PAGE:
“Duluth has a really good team, but our guys really battled to contest their shots,” Weisse said. “They’ve got shooters all over the place and Andrews does a great job inside. I was happy with how we handled adversity the entire game; we didn’t handle it very well our last game and it snowballed on us (an 82-50 home loss to St. Cloud State). It didn’t go our way, but if we keep playing like that, we’ll win some games. Duluth is well-coached. They’ve got good players and tough kids, but today, we had good players and tough kids, too. The key for us will be consistency.”

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UMD is used to starting off fast, but not in this one, as the Golden Eagles raced out to a 14-5 lead. The Bulldogs got back in it, in part due to a crazy sequence where Middleton made a couple free throws, then made a couple technical free throws (called against the Crookston bench) and then scored a basket — six points, just like that.

The slow start prompted an early timeout by Wieck.

“I just challenged them to wake up, honestly," Wieck said. “We didn’t have a lot of energy. We weren’t good on defense and we weren’t moving on offense. Our guys have been good all year, so it wasn’t freak-out mode, but it was just challenging them to be ourselves and pick up the energy, and they did. I think our bench did a great job getting us going, and our guys were fine after that.”

Minnesota-Crookston 28-40—68
Minnesota Duluth 37-38—75
Minnesota-Crookston — Leonard Dixon 14, Zen Goodridge 2, Ethan Channel 21, Uzo Dibiamaka 13, Brian Sitzmann 14, Marcus Thompson 4. Totals 25 6-10 68.
3-point goals — Dixon 3, Channel 4, Dibiamaka 3, Sitzmann 2.
Minnesota Duluth — Charlie Katona 8, Austin Andrews 21, Joshua Brown 3, Jack Middleton 22, Drew Blair 12, Joshua Strong 2, Jacob Shields 5, Lincoln Meister 2. Totals 25 16-21 75.
3-point goals — Brown, Middleton 3, Blair 2, Shields.

Jon Nowacki joined the News Tribune in August 1998 as a sports reporter. He grew up in Stephen, Minnesota, in the northwest corner of the state, where he was actively involved in school and sports and was a proud member of the Tigers’ 1992 state championship nine-man football team.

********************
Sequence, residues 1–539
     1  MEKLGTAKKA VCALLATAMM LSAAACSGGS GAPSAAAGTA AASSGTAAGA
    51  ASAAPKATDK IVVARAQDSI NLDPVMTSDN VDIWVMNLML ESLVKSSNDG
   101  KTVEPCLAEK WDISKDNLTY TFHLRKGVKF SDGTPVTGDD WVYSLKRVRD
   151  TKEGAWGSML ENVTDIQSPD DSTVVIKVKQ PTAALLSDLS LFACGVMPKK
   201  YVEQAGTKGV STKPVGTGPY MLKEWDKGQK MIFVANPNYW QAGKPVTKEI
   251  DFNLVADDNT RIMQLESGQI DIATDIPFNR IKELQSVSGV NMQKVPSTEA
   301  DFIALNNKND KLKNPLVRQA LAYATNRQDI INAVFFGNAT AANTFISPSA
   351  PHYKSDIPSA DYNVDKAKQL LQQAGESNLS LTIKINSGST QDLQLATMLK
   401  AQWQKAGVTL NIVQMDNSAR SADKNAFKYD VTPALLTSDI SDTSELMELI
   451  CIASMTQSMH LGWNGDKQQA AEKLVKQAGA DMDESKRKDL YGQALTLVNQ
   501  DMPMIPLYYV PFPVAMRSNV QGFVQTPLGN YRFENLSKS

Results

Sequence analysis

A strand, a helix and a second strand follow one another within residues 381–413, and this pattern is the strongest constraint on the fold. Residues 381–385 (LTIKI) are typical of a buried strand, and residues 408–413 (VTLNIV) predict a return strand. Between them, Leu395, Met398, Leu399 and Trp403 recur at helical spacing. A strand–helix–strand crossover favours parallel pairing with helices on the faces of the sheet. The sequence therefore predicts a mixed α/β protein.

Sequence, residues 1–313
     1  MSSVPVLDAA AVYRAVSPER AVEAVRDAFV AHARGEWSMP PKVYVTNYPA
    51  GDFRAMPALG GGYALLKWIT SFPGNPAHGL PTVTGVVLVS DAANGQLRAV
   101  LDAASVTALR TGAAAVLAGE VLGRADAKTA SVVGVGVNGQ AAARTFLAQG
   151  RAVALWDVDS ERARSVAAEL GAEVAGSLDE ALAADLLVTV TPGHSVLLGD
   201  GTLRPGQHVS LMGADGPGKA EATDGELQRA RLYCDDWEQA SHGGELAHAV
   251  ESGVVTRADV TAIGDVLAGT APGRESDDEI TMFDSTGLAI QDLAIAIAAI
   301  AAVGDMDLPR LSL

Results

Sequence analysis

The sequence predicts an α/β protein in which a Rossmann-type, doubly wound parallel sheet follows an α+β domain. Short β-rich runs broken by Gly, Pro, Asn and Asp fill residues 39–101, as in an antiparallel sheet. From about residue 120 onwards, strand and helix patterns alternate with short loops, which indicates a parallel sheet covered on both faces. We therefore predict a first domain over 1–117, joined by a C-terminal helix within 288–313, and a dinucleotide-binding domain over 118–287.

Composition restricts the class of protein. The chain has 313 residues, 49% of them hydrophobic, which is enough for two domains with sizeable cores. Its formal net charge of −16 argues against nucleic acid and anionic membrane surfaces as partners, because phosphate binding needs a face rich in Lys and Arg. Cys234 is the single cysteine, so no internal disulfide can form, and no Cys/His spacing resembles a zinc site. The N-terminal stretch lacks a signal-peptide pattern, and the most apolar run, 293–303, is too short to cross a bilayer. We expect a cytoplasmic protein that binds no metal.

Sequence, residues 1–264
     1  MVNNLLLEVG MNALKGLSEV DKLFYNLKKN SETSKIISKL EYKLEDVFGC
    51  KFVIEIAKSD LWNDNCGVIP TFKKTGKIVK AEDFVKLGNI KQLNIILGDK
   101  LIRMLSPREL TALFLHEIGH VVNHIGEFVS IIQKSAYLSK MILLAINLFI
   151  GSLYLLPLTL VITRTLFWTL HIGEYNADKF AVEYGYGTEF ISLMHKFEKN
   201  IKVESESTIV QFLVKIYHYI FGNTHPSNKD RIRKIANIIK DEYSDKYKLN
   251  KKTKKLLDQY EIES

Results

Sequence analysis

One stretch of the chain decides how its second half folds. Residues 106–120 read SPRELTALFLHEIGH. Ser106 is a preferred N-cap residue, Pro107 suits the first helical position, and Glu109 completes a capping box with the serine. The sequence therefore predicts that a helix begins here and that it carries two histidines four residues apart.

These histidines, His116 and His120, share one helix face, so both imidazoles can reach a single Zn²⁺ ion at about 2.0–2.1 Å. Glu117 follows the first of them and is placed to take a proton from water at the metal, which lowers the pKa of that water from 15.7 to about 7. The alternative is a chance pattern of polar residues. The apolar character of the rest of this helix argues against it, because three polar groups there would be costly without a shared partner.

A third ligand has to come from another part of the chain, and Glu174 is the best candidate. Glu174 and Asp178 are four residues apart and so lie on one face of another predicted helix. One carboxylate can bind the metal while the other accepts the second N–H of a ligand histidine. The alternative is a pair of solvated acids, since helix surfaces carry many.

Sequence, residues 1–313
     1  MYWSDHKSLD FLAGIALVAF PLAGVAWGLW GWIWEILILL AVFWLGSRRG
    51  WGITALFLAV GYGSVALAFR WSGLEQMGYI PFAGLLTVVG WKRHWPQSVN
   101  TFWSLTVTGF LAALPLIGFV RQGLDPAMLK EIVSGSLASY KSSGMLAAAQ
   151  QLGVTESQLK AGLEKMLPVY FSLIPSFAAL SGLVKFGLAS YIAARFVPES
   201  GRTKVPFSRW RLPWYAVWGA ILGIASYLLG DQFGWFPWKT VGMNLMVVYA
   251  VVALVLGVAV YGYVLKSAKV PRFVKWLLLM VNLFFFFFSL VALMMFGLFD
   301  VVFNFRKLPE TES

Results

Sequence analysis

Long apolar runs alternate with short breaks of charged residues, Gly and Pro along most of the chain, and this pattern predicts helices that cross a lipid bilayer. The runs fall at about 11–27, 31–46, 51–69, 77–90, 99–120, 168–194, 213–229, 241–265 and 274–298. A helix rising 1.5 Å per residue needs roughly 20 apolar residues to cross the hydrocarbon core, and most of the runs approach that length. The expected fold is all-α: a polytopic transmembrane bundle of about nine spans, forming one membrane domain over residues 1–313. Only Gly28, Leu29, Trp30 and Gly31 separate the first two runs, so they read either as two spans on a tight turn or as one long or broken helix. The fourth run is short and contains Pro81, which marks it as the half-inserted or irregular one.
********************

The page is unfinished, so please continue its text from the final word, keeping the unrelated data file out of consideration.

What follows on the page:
After graduating in 1993, Nowacki majored in print journalism at the University of St. Thomas in St. Paul, serving as editor of the college paper, “The Aquin,” and graduating with honors in December 1997. He worked with the Associated Press during the “tobacco trial” of 1998, leading to the industry’s historic $206 billion settlement, before moving to Duluth.

Nowacki started as a prep reporter for the News Tribune before moving onto the college ranks, with an emphasis on Minnesota Duluth football, including coverage of the Bulldogs’ NCAA Division II championships in 2008 and 2010.

Nowacki continues to focus on college sports while filling in as a backup on preps, especially at tournament time. He covers the Duluth Huskies baseball team and auto racing in the summer. When time allows, he also writes an offbeat and lighthearted food column entitled “The Taco Stand,” a reference to the “Taco Jon” nickname given to him by his older brother when he was a teenager that stuck with him through college. He has a teenage daughter, Emma.

Nowacki can be reached at jnowacki@duluthnew.com or (218) 380-7027. Follow him on Twitter @TacoJon1.